The Outback region of South Australia covers the north of the state, plus the Eyre Peninsula. The region comprises seventeen local government areas and the regional centres of Ceduna, Port Augusta and Port Lincoln. The region covers a total area of around 877,753 square kilometres or 89 per cent of South Australia's total area and is home to approximately 84,600 people
Agricultural land in the Outback region occupies about 437,500 square kilometres, or 50 per cent of the region. Areas classified as conservation and natural environments (nature conservation, protected areas and minimal use) occupy 402,100 square kilometres, or 46 per cent of the region. The most common land use by area is grazing native vegetation, which occupies 403,200 square kilometres or 46 per cent of the Outback region.
Australian Bureau of Statistics (ABS) data from the November 2016 Labour Force Survey indicate that around 39,400 people were employed in the South Australia – Outback region. The South Australia – Outback region accounts for about 5 per cent of total employment in South Australia and 11 per cent of all people employed in the South Australian Agriculture, Forestry and Fishing sector.
Health Care and Social Assistance was the largest employment sector with 6,300 people, followed by construction with 4,200 people, and retail trade with 4,100 people. Other important employment sectors in the region were public administration and safety, agriculture, forestry and fishing, and education and training. The agriculture, forestry and fishing sector employed 3,700 people, representing 9 per cent of the region's workforce.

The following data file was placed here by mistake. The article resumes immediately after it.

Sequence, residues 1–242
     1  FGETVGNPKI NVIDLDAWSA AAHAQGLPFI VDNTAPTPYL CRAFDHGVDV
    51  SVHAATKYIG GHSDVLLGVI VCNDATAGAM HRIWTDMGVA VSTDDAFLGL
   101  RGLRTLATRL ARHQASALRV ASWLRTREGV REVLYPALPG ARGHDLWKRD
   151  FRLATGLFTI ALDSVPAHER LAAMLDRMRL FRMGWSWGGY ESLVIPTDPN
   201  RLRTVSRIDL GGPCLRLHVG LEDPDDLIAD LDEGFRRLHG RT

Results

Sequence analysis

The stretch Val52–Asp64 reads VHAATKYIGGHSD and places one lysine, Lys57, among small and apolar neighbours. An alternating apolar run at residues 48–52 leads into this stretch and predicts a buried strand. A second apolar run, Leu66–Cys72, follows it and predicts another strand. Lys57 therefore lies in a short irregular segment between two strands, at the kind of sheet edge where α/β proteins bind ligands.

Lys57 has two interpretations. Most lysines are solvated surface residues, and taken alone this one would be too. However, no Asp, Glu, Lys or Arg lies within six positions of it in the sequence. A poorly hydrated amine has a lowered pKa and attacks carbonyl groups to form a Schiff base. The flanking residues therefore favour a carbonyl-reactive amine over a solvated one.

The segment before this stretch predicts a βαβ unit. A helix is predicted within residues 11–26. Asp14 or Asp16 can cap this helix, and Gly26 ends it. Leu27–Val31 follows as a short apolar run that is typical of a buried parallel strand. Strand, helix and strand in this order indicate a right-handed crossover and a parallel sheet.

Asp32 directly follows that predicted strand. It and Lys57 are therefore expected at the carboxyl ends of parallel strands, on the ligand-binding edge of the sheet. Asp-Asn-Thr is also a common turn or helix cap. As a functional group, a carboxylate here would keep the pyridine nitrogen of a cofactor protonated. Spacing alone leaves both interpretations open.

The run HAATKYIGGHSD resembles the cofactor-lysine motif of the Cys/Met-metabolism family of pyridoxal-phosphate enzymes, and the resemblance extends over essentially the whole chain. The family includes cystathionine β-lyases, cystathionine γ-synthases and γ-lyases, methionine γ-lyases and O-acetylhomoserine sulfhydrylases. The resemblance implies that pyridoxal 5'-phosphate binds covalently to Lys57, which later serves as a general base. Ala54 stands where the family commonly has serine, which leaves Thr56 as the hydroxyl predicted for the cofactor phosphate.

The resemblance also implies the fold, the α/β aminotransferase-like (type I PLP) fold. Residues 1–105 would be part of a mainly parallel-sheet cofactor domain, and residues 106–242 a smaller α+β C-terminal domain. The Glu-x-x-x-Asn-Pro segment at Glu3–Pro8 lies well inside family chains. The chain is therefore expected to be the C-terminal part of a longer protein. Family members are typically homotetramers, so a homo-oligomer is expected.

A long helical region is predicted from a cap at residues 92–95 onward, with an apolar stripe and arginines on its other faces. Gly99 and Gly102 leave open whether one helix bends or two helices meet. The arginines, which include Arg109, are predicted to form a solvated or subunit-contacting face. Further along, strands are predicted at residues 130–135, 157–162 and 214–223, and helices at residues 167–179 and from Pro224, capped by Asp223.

Value of agricultural production
In 2014–15, the gross value of agricultural production in the South Australia – Outback region was $1.1 billion, which was 17 per cent of the total gross value of agricultural production in South Australia ($6.2 billion).
The South Australia – Outback region has a diverse agricultural sector. The most important commodities in the region (refer to figure below) based on the gross value of agricultural production were wheat ($516 million), sheep and lambs ($141 million) and barley ($107 million). These commodities together contributed 70 per cent of the total value of agricultural production in the region.
Number and type of farms
ABS data indicate that in 2014–15 there were 1,314 farms in the South Australia – Outback region with an estimated value of agricultural operations of $5,000 or more. The region contains 12 per cent of all farm businesses in South Australia.
Number of farms, by industry classification, South Australia – Outback region, 2014–15
|Industry classification||Outback region||South Australia|
|Number of farms||% of Region||Number of farms||Contribution of region to state total %|
|Other Grain Growing ||801 ||61.0 ||2,935 ||27.3 |
|Sheep Farming (Specialised) ||225 ||17.1 ||1,397 ||16.1 |
|Grain-Sheep or Grain-Beef Cattle Farming ||181 ||13.8 ||1,207 ||15.0 |
|Beef Cattle Farming (Specialised) ||67 ||5.1 ||1,505 ||4.4 |
|Sheep-Beef Cattle Farming ||30 ||2.3 ||626 ||4.8 |
|Other ||10 ||0.7 ||3,682 ||0.3 |
Total agriculture ||
Note: Estimated value of agricultural operations $5,000 or more. Industries that constitute less than 1 per cent of the region's industry are not shown
Source: Australian Bureau of Statistics
Farms in the table above are classified according to the activities that generate most of their value of production. Grain growing farms (801) were the most common, accounting for 61 per cent of all farms in the South Australia – Outback region, and 27 per cent of all grain growing farms in South Australia.